When I was a young boy, the Three Musketeers were larger than life heroes that maintained peace and order by their swash buckling swords and unswerving loyalty to do the greater good. My siblings and I would always emulate them and no one could defeat us in our make believe battles.
This scenario was revealed again when my forever partner Lindy Pellicer and I went on the recent Honda Media Drive with three newly refreshed variants of the Honda Jazz RS, City VX Navi and Mobilio RS.
The most stunning of the three cars is the Jazz RS. The sporty body kit, added onto the already highly lovable hatchback, made it even more desirable and aggressive lo oking. The front bumper of the Jazz RS had been transformed with its new side scoops, bigger fog light panels, a new dividing line in the middle and a more pronounced, lower apron with side extenders. The rear was adorned with a bigger spoiler and redesigned bumper to match the front fascia.
The Mobilio RS was also something to be happy about. The seven-seater was suddenly available with a sporty version and was well designed. The front bumper was totally new and had been given more striking elements than the base unit. With new side skirts, big spoiler at the back and a very prominent, rear bumper look, this Mobilio RS made it one mean, Mom mobile!
The Jazz VX Navi doesn’t have the RS version yet and is the tamest looking of the three. The newly styled look lacks the exciting cues of the RS variants and would love to see how the Honda designers can make this subcompact into a fire breathing, sporty machine. I just hope that they will be as inspired as when they created the above two versions, including the new Civic RS Turbo!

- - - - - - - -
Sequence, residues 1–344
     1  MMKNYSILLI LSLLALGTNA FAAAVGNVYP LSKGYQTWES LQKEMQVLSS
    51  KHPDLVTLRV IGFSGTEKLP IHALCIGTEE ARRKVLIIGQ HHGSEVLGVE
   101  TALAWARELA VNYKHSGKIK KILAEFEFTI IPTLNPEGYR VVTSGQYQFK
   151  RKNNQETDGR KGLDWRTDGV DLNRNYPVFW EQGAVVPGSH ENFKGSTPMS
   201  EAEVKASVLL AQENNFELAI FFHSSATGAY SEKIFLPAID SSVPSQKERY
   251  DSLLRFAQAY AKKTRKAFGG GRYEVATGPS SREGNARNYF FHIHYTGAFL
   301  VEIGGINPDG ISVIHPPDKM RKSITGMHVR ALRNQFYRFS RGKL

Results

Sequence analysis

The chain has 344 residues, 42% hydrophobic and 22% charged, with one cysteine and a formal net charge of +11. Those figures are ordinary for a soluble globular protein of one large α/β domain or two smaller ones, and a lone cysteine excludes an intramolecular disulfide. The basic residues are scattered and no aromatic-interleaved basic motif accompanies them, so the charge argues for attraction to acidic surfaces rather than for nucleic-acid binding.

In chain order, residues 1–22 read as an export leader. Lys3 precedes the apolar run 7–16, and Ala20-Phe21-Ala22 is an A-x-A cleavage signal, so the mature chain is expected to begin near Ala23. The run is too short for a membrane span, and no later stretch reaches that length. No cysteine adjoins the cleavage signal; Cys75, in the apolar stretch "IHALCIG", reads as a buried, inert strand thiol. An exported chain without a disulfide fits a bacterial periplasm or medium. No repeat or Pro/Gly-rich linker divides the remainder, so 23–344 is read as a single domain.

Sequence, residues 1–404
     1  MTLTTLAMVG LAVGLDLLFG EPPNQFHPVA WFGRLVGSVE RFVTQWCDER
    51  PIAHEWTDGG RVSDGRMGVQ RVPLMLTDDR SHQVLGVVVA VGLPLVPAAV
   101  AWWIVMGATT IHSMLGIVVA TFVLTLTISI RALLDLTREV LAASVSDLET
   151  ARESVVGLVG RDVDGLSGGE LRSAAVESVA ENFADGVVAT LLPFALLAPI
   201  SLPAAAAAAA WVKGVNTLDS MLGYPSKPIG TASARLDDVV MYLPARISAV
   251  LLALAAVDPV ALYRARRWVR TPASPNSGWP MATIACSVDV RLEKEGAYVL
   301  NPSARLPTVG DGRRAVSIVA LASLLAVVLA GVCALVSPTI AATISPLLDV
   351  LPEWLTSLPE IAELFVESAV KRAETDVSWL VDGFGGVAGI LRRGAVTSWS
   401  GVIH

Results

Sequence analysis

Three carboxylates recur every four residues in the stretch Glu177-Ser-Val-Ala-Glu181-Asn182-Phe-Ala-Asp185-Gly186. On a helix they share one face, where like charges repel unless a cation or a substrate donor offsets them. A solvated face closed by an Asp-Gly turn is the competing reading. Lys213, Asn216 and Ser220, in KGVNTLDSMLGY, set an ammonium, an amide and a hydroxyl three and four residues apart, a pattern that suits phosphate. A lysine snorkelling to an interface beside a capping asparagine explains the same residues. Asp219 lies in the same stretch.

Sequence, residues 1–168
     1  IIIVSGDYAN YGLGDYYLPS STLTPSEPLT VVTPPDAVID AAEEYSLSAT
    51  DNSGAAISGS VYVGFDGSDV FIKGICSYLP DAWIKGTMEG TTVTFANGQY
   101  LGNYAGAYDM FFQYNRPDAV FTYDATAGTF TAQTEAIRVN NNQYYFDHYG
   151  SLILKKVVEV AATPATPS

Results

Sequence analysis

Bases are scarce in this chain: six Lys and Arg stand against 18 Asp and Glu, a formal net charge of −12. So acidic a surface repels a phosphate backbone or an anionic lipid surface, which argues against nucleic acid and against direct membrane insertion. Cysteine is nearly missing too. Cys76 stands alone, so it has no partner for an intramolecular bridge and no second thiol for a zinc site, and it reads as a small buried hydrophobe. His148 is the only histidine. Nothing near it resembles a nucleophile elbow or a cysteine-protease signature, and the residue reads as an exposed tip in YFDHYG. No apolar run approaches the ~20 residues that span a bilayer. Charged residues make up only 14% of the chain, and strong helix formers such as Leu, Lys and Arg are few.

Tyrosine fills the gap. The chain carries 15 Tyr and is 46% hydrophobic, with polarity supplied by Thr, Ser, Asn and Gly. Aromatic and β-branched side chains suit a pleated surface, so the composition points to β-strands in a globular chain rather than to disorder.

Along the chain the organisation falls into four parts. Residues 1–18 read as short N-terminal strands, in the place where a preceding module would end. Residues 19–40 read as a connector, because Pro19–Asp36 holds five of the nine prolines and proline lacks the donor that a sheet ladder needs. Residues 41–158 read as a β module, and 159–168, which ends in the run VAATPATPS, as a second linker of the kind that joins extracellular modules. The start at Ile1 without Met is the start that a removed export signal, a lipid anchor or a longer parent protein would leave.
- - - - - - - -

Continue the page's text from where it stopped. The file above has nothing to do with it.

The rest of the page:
The new interior of the three cars is now adorned with a 7-inch touch screen audio visual display in the middle of the dashboard. Its position and angle is different in each car and I find the Mobilio’s display to be better than the others as it is easier to see by the other passengers. Maybe it’s also because of the huge interior space of this cross between a station wagon and a compact car that made watching videos on the screen easier.
The interior space for the Jazz and City was not far behind from the Mobilio and you can easily cross your legs at the back, even with 5’8” individuals occupying the choice seats in front. The big difference was the trunk space of the three cars and I believe this will influence your decision on what car to buy.
The Jazz will have the smallest trunk, and the Mobilio will have the biggest. With another row at the back, the Mobilio is the hands down winner to move people around and was always a hit among the elder members of the group. Unfortunately, this will also be the hardest to park and will not be good for spirited driving.
The three cars are all powered by the same 1.5-liter, i-VETEC power that produces 120 ps and 14.8 kg-m of torque. These figures will not excite most of the enthusiasts and rightly so. However, if you remember that about 30 years ago, cars of the same displacement only had half of this power, then you will see appreciate the effort of the Honda engineers.
The funny thing was that I expected the Mobilio to struggle up the mountainous roads but it just wasn’t so. The Jazz and City needed to be shifted manually to overtake and go up the twisties. The Mobilio though cruised with less effort up the same roads. I believe the gear ratios are different for the Mobilio and this would have been great if it was on the Jazz RS so it will be livelier!